John McCaslin

In defending President Obama's easing of U.S. policy towards Cuba, Sen. Richard J. Durbin, Illinois Democrat, remarked this week: "I had some friends who recently went to Cuba, through Mexico, with a visa. They came back and said, 'You know, they are still using oxen for power in their agriculture.'

"Yoking oxen, in the 21st century, 90 miles offshore from the United States?" Mr. Durbin noted. "If they knew and could see what modern agriculture could bring to them ... we would have a greater chance of bringing real 'change' to Cuba."

Tread carefully, senator. Those oxen for centuries have helped grow the finest cigars in the world.


Once upon a recent time, Americans said they couldn't live without certain household appliances.

Now, no longer do substantial majorities say a microwave oven, television set, or even an air-conditioner is a necessity.

"Instead, nearly half or more now see each of these items as a luxury," Pew Research finds when comparing surveys take in 2006 to 2009. "Similarly, the proportion that considers a dishwasher or a clothes dryer to be essential has dropped sharply since 2006."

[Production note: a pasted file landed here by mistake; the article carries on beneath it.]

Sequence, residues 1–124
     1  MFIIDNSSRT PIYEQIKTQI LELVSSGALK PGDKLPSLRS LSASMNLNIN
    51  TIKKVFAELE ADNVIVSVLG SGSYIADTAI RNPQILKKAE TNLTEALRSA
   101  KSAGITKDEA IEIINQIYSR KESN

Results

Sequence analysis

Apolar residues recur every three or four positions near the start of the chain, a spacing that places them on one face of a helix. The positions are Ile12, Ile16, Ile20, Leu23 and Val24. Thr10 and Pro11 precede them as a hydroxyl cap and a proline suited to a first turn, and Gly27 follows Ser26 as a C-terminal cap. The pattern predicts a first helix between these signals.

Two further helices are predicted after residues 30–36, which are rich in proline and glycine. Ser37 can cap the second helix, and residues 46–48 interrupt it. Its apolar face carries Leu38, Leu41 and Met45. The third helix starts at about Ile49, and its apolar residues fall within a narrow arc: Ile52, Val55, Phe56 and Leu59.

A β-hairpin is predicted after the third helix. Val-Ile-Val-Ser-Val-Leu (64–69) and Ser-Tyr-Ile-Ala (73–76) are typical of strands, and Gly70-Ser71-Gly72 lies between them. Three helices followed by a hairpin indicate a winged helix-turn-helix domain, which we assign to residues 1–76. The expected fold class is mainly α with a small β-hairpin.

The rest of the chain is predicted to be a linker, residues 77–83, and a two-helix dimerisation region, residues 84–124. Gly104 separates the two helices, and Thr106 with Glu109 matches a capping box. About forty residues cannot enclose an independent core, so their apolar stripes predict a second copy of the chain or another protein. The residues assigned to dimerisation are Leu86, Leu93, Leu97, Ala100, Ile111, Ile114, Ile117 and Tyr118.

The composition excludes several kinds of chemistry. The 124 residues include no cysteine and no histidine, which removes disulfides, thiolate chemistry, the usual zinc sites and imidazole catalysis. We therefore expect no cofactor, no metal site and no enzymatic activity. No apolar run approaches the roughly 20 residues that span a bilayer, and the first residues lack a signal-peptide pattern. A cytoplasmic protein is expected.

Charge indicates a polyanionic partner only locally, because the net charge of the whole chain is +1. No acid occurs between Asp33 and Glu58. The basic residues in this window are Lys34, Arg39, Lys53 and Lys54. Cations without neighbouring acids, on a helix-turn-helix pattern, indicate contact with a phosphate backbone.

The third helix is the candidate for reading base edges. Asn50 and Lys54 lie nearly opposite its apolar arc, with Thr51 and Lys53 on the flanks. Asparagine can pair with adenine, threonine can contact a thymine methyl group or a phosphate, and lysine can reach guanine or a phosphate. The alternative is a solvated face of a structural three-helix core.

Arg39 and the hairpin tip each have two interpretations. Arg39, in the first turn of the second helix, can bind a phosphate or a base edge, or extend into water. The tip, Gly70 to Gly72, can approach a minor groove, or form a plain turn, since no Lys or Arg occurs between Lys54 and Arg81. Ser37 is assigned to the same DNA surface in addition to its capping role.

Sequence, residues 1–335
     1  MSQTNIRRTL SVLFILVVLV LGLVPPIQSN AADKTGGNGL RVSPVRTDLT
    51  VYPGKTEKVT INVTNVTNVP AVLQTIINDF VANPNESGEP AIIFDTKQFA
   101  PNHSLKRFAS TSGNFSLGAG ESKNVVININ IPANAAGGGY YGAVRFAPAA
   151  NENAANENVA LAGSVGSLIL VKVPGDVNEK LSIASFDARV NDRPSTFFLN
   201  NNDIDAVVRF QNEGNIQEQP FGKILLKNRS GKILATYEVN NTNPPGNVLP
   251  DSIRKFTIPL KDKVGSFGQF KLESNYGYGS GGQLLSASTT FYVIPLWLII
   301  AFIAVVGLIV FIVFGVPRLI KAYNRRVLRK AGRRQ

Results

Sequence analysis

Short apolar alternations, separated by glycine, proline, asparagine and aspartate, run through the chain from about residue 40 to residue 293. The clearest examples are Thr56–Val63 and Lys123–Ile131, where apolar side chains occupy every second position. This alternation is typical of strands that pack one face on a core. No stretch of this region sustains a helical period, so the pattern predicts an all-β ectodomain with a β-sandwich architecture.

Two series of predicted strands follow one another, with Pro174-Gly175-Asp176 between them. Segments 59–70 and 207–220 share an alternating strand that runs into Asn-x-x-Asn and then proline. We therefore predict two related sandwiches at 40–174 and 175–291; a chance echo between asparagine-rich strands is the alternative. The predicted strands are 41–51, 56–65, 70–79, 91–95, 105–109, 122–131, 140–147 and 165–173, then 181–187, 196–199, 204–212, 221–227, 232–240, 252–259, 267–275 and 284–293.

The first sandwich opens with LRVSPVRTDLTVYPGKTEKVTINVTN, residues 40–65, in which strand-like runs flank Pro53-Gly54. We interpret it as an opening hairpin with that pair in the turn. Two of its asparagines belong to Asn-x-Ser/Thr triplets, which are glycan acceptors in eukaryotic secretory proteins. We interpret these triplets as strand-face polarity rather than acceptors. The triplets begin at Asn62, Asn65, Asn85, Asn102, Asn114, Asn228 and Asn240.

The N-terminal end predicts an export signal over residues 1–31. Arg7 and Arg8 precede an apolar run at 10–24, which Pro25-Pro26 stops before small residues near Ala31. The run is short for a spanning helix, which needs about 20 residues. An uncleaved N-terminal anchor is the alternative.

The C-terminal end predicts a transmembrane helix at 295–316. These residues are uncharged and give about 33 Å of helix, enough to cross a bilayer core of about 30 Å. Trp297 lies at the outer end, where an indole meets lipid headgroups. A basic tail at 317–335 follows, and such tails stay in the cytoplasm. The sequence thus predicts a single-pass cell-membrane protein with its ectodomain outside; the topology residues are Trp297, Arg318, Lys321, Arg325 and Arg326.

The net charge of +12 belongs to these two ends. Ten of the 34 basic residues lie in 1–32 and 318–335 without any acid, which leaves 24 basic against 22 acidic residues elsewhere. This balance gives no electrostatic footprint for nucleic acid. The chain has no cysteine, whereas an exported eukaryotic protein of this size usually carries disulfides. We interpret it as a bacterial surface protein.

All told, 8 out of 10 adults have taken specific steps to economize during the current bad times, including shopping in discount stores and passing up name brands. Americans are also cutting back on alcohol and cigarettes, and reducing spending on cable or satellite television service, or canceling the service altogether. Same goes for cell phone plans.

Finally, 1 in 5 adults "are following the example of first lady Michelle Obama and are making plans to plant a vegetable garden to save money on food."


At the same time the Department of Labor released data showing that 640,000 new Americans filed for unemployment benefits last week [-] hitting a new record of 6.14 million [-] Pew Research released data showing President Barack Obama's job approval ratings continue climbing far beyond those of his recent predecessors.


The shocked leaders of this nation have now declared the terrorist interrogation technique known as "waterboarding" to be cruel and unusual punishment.

That being the case, one congressman, equipped with none-too-pleasant photographs, took to the floor of the House this week to remind Americans what cruel and unusual punishment really looks like.

John McCaslin

John McCaslin is a contributing columnist on and author of Inside The Beltway: Offbeat Stories, Scoops, and Shenanigans from around the Nation's Capital .

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